That is actually untrue. We have a very good sense of what it would take us to colonize the galaxy, and we can do it with current technology in 10 millennium. It's surprisingly easy. Barely an inconvenience. Hence, the Fermi paradox.

We, in fact, do know what we don't know. Those are called known unknowns. You can thank Rumsfeld for that turn of phrase. We know that we are ignorant of the majority of the galaxy. The number of stars we have examined is insignificant to the whole. We know that our theories are incomplete, and most likely incorrect. Not in the big ways. We worked most of the big hole out, but in the small ways. And on the scale of the cosmos, small errors lead to big errors very quickly.

We know that life exists here, and there is no reason to assume it does not exist elsewhere. Assuming it does not is actually not an option. You would find very few in the scientific community who would make such a claim today. The haystack is far too large for our binary search, and the probabilities far too certain. We can debate intelligence, but life itself is practically a guarantee.


But the alien theory requires a lot of underlying things to be true and is such an extraordinary leap that it requires extraordinary amounts of supporting evidence (including, as Ter mentioned, strict attention to chain of custody).

The only thing the alien theory requires to be true is that aliens can exist. There is no distance barrier anymore. You can't claim vastness makes contact impossible. It does not. It is not possible for us in a human lifetime, but it's very very close. A generational ship absolutely could make the trip to any star in our galaxy sub-lightspeed in timeframes that would be a drop in the galactic bucket of time. We are infants in this galaxy. We barely became intelligent just yesterday, yet here we sit claiming to know what we can know and what we can't. What is possible and what is not.

If the galaxy were a MUD, we'd still be in the first room, admiring the ascii.

No other realm of scientific curiosity requires the level of proof that you demand of this. We can snap a fleeting glimpse of a tentacle and extrapolate the entire evolutionary history of a squid no one has ever captured, and it is accepted without question to be a real sea monster.

We can unearth a single hominid tooth and rebuild the entire skeletal structure, muscular system, diet, child rearing habits and so much more, and nobody cries foul. Well, christians do, but we don't pay them too much mind.

We can see a GEv signal in a collider and determine with near-certainty the existence of a whole new field of particles that fix some of the most glaring holes in our standard model, and it's adopted as canon with little fuss.

These are things equally as extraordinary as life on other planets, yet they are not put to the same rigorous standards that the evidence for aliens is. If it were, we would not be enjoying the technology we have today. You would still be denying the existence of atoms.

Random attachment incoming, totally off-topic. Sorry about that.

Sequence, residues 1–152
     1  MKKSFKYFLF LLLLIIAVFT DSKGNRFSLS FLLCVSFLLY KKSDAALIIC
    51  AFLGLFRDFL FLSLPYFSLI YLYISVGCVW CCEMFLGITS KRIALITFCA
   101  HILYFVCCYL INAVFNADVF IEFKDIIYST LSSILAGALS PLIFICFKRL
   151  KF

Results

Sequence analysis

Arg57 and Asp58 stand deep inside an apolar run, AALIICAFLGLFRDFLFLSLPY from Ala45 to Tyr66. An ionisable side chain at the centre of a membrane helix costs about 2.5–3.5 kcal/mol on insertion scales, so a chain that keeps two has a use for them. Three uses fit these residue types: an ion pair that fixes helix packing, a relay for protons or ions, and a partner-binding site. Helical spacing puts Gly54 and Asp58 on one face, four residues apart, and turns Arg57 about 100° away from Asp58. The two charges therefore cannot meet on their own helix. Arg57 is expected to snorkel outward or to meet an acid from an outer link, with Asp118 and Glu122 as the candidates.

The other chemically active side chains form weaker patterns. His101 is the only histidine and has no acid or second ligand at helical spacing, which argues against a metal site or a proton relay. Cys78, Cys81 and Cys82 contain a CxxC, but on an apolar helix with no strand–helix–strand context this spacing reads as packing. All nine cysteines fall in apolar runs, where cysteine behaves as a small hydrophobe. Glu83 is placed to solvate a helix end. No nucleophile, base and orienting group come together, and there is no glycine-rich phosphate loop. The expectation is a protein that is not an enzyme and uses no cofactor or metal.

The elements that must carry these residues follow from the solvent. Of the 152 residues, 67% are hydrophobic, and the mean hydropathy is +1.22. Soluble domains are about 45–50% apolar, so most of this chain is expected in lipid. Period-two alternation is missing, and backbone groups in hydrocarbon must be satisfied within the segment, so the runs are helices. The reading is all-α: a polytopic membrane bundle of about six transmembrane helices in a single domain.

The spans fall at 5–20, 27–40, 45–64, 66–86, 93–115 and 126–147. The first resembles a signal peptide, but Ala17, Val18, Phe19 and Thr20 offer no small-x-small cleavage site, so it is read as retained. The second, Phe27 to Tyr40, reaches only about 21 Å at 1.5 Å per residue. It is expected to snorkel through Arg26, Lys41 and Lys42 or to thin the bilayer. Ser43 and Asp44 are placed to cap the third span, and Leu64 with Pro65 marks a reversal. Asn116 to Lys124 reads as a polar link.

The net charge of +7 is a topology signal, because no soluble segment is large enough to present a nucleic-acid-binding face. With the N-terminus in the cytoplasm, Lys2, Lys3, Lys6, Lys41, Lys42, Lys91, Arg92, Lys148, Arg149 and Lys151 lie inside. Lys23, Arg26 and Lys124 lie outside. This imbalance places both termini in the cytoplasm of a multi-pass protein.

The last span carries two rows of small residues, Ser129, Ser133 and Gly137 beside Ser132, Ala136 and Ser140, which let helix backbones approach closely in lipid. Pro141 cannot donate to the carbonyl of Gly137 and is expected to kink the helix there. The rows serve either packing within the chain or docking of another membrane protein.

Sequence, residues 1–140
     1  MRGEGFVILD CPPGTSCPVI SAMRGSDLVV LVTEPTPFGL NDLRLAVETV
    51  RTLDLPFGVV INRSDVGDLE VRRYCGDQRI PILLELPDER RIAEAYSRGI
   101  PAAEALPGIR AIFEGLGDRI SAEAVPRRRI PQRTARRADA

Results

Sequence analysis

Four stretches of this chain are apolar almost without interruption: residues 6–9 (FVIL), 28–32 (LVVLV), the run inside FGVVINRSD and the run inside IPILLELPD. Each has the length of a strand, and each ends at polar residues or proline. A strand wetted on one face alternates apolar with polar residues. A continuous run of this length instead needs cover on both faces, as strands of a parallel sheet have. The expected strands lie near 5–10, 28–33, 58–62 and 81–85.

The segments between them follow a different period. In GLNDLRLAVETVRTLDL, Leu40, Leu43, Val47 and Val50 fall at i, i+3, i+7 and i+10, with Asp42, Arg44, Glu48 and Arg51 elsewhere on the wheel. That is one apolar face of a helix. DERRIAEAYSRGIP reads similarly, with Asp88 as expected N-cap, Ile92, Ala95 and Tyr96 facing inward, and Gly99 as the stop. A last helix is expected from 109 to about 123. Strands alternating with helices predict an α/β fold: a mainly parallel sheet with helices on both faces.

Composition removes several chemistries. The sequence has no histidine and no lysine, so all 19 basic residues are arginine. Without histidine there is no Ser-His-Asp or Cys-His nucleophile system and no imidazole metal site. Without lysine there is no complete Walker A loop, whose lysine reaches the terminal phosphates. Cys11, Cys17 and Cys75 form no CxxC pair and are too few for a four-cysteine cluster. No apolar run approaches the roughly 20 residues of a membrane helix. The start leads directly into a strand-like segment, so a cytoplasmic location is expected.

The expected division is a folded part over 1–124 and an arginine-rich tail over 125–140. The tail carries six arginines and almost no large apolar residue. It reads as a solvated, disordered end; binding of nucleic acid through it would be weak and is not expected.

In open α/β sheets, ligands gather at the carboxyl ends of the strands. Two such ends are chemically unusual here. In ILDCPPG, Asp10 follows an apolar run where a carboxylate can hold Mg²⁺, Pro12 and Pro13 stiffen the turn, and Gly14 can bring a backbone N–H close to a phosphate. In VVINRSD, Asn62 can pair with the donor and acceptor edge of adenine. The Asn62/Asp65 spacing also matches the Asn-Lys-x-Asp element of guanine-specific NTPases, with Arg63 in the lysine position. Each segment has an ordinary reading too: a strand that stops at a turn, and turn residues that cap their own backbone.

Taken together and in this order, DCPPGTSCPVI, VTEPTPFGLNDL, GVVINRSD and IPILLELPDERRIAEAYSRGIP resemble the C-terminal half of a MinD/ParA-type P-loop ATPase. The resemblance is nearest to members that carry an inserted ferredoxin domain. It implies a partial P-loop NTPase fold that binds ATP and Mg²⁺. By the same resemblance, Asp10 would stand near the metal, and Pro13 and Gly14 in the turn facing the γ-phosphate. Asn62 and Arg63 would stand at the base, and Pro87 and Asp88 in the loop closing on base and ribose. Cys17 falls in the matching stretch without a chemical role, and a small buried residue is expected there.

A better way to look at all this is that if a lot of data were to get dumped on the public, some really smart people could look at maybe 10-20% of the cases and figure out highly plausible explanations within established science.

I propose that they could not do that. This is an assumption you have based entirely on speculation of what the evidence could be. That is an error of logic. I know what the evidence shows. It does not show an easy explanation that fits within established science. What you imagine the evidence could show is not what it actually shows. It shows a very real, very solid, and very astonishing display of technological mastery. That can no longer be denied.


Bear in mind ball lightning is still mostly unsolved and that falls into the same category of unexplained phenomena.

No, actually, it does not. Not anymore. When all we had were lights in dark skies and reports of craft from hillbillies and hicks, sure. It could have been just about anything. Not anymore.

We see these things as very definite objects with mass, interacting with light, reflecting off the surface. They disturb the ocean as they descend into it, fully submerged with a boiling sea above it. No electrical discharge of any variety could do that.


There's still a lot we don't know, though it's possible we can learn a lot from data that, for understandable security reasons, has hitherto been kept under wraps.

What they did release is still sensational. The conclusions were uncertain, to be sure. This is the government, after all. However, certain conclusions could not be denied.

1.) Whatever it is, it is solid. It's not ephemeral or indistinct. These things have definite geometric shapes that do not occur in nature.

2.) Whatever they are, they appear to be intelligent. They display curiosity, caution, and self-preservation. They appear to be curious of aircraft, and are often sighted by pilots who are told never to report it. That has changed now. Now all pilots are told to report. Exciting times!

3.) It violates known laws of aerodynamics and hydrodynamics, and everything we think we know about gravity and inertial mass. They maneuver in such a way that no material we know of could survive the G forces. Not even the molecules could hang together under that amount of force. 12,000 MPH doing a right-hand turn at 90 degrees in the span of a millisecond. It's canon now. It's a known known.